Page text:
This summer, my wife and I dug up the grass in our front lawn, pulling away the sod to expose bare earth. In September, I built three long juniperwood boxes, and we filled them with new soil. In October, I planted garlic in a grid in one of the beds; the next day, I found one of our resident squirrels had dug up several of the cloves. Squirrels don’t like garlic, so each clove had been tossed aside next to a fresh four-inch hole. I reburied the cloves, only to find them unburied again the next morning. Now my garden bed is covered in metal mesh—a garlic prison—and the digging has stopped.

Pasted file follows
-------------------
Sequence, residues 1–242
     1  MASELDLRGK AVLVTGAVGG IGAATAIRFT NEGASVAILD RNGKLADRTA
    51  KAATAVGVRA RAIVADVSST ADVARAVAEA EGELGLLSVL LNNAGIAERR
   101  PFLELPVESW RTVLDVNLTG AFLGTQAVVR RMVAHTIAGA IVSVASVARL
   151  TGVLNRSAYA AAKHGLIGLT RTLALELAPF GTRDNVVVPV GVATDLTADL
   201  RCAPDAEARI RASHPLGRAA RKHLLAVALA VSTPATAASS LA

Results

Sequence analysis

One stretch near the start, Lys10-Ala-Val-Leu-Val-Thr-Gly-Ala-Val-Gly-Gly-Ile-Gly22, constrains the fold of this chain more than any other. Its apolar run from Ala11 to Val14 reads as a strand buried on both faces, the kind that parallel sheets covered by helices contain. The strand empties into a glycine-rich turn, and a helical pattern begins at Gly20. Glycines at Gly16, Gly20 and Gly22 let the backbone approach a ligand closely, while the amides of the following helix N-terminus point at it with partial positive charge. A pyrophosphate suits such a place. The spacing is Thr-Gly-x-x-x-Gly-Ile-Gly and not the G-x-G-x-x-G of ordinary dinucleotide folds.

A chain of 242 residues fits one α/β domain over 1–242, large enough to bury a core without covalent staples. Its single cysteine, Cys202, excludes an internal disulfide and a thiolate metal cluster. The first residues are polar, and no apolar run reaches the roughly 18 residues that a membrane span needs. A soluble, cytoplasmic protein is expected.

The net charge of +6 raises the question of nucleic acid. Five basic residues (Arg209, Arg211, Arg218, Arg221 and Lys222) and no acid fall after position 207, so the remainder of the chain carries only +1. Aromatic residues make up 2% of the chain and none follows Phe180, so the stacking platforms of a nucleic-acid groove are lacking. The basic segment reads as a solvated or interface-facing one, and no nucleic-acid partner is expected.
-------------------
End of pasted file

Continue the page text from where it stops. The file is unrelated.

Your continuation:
I suppose there’s a lesson here about how some people are driven to unearth anything hidden, while others will go to great lengths to keep what’s buried in its place. The garlic will emerge in its time and, if I get the cage out of the way in time, bloom.
In this issue you’ll find Oregon writers exploring things hidden or buried, for better or worse: subcultures and political currents
and stories and plants and pollutants. Dig in: I hope you find something in these pages to treasure.
TagsOregon Humanities Magazine
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